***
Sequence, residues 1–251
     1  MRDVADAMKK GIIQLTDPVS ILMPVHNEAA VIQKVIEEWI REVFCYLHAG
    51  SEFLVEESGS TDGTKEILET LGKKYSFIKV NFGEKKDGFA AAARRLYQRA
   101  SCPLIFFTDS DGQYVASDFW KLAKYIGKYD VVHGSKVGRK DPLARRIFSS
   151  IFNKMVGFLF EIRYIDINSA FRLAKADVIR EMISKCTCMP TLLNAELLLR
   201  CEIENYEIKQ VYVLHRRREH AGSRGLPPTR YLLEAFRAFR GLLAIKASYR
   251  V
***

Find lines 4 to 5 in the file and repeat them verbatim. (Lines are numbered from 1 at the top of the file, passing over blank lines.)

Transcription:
   101  SCPLIFFTDS DGQYVASDFW KLAKYIGKYD VVHGSKVGRK DPLARRIFSS
   151  IFNKMVGFLF EIRYIDINSA FRLAKADVIR EMISKCTCMP TLLNAELLLR